...or everything you wanted to know about treating head lice but were afraid to google.
Are you scratching your head yet?
As a child I used to dread seeing the nit nurse at school. Luckily I never had nits, but I'm pretty squeamish about bugs and mini-beasts and have always been filled with horror at the thought of having something living in my hair.
My children started school in September. We've received the school's nit letter a couple of times and looked at the boys' heads, but didn't really know what to look for.
A couple of weeks ago I noticed Presley and Cash scratching their heads. I had a look in their hair and saw little creatures scurrying about. I said to Andy 'they've got nits' in a voice that was an octave higher than normal.
Action stations. Operation Louse was about to begin. At my command, unleash the conditioner...
I'd never dared to google head lice. I didn't want to see the magnified images. This meant I wasn't really sure what we were dealing with. After a bit of trial and error AND FINDING EGGS IN MY OWN HAIR - ON MOTHER'S DAY - thanks, kids, I now have the answers.
First, get yourself a Nit Kit
Nitty Gritty NitFree Comb
Zapinator (Boots Electronic Head Lice Comb)*
Know your enemy
Head lice are dark brown insects that you can easily see scurrying around your child's head. They can not jump, but can crawl from head to head and this is how they are spread. They lay small brown eggs on the hair shaft, close to the scalp. One single louse can lay plenty of eggs. These eggs hatch after about a week and become head lice. The white or transparent nit is the empty egg that stays stuck to the hair.
The only way to get rid of head lice, eggs and nits is to painstakingly comb them out using a decent nit comb. We recommend the Nitty Gritty NitFree Comb (£10 from chemists and supermarkets). You can do the combing in the bath, but it takes a long time - particularly the first time - and your child may get cold. What we do is put a towel around our child's shoulders. Spray their hair with water (we use a plant mist spray). Cover their hair with a generous splodge of conditioner. Comb their hair with a normal comb first to remove any knots. Then use the nit comb. Comb the hair, section by section, ensuring the comb touches the scalp each time. After each comb through wipe the comb on a kitchen towel. You will easily see any lice, eggs or nits in the white conditioner. Keep doing this until you've got every single spec out. Add more conditioner if you need to. Rinse the remaining conditioner out when you've finished.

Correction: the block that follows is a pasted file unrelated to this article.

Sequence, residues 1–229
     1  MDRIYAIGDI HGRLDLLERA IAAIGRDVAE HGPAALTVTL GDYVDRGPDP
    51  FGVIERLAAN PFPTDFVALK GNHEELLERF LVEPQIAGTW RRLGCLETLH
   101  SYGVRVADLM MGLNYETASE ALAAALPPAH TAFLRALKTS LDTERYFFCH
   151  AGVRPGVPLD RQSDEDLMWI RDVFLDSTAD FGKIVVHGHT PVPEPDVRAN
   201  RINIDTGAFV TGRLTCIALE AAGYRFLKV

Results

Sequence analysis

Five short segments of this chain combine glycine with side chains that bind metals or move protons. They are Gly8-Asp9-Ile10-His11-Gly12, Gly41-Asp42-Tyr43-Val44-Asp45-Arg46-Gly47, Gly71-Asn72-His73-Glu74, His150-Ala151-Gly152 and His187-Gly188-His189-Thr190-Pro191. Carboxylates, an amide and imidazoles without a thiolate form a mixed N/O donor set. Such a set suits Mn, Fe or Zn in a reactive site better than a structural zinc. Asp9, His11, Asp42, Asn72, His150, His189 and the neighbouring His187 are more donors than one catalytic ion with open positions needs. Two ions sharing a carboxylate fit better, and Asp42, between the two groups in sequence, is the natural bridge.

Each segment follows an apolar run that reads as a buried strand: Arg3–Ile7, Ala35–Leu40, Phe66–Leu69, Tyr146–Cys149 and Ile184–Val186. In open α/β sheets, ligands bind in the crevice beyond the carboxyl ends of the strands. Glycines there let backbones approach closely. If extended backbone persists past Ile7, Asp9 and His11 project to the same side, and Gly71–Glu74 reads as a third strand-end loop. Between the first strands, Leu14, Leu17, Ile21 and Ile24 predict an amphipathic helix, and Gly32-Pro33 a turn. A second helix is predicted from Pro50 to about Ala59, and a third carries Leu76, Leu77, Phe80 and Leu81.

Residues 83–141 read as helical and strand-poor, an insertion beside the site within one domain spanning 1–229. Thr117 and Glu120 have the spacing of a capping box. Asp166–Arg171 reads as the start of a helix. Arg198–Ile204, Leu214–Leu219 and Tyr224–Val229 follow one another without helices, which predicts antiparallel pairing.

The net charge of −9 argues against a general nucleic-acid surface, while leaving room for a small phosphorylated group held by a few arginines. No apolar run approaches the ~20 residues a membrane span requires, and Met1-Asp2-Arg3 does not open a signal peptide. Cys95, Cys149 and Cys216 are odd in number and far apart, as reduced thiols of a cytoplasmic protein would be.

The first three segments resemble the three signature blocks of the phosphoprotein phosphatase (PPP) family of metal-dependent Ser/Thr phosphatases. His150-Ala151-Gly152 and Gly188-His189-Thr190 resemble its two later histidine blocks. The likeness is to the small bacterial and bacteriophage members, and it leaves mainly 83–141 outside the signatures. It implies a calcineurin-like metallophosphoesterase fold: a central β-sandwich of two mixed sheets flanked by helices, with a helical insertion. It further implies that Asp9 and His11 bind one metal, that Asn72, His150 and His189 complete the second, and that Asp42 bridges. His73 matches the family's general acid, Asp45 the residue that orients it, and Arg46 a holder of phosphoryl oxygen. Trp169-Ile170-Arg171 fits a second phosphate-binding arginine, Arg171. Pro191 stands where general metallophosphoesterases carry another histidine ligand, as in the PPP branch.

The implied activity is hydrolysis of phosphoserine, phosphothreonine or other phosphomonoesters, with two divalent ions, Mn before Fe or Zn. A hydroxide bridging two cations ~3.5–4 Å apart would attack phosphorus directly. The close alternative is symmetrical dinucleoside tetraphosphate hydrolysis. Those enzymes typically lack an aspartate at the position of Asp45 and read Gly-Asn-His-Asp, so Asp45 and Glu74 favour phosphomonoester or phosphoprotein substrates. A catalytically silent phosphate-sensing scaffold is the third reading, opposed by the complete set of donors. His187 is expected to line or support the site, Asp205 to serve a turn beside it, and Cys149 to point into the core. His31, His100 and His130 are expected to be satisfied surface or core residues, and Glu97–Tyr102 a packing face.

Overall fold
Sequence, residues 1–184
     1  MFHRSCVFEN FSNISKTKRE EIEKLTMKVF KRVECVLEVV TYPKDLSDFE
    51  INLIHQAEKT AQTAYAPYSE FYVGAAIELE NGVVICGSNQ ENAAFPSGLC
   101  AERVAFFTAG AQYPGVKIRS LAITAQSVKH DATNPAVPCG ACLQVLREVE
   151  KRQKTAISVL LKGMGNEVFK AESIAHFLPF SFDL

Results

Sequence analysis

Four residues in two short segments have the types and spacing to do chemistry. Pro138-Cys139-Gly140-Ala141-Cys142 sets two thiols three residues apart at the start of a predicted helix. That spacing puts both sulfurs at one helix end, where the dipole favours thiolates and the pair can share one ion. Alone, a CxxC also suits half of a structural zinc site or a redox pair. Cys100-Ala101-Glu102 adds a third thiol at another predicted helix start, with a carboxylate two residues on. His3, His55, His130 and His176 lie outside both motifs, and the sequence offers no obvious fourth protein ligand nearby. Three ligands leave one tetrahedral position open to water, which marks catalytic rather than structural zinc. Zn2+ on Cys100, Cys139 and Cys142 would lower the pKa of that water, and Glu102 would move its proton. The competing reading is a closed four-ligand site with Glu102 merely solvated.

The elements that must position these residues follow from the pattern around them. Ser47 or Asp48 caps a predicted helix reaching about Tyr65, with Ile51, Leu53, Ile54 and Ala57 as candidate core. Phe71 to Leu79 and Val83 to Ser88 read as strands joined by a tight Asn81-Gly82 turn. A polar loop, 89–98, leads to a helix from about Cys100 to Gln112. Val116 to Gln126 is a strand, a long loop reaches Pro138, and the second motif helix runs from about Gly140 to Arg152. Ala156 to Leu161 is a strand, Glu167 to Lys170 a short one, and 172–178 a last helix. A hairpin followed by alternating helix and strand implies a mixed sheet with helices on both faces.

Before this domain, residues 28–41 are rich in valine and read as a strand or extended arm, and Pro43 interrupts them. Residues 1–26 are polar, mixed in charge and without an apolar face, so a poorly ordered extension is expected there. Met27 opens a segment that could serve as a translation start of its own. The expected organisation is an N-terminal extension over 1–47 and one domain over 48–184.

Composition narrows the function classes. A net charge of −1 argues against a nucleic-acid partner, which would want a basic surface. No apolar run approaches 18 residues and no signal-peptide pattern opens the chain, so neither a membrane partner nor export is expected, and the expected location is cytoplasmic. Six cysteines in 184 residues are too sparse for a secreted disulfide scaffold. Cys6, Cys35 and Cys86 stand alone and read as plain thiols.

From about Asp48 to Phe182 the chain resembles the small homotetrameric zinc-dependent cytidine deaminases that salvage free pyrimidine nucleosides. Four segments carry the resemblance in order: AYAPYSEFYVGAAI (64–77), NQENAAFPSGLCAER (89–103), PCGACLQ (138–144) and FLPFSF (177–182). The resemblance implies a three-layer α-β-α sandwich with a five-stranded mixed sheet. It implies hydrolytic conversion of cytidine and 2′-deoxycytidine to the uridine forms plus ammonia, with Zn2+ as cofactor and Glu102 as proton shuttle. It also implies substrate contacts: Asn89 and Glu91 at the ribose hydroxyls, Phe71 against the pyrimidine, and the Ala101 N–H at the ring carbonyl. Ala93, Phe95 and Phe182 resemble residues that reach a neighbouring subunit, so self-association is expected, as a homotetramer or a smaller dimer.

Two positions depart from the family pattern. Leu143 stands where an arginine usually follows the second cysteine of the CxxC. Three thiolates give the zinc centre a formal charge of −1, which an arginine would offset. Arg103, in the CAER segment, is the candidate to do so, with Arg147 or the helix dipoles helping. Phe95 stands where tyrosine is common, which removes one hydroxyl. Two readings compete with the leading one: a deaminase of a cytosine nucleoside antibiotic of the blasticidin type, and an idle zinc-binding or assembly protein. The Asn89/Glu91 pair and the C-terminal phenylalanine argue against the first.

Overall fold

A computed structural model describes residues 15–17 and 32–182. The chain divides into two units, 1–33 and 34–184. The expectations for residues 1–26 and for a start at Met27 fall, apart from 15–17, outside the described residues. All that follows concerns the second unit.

Every afternoon, after school, comb their hair with the Boots Electronic Head Lice Comb. We call it the Zapitnator. This will kill any live head lice, but will not remove eggs or nits. If they've picked up any new lousy companions this will get rid of them, but you will then need to repeat the attack phase to remove any eggs and nits.
You should repeat the attack phase every couple of days until their hair is completely clear - treat the whole family, not just the children. After that you should do a weekly check. This can easily be done by combing through conditioner after a hair wash. If EVERYONE did this we could wave goodbye to head lice. Sadly, not everyone is as vigilant as us. Thank goodness the Nitty Gritty comb has a lifetime guarantee.
There are shampoos and sprays available that claim to kill head lice and eggs or prevent them crawling onto your head. Anecdotal evidence suggests to me that they don't work. We haven't tried them, but you would still need to comb out the dead lice and nits anyway. We have managed without them.
For more nitty resources I recommend these posts from Mari's World and Actually Mummy.
* I received the Zapinator in a Cybermummy 2011 goody bag.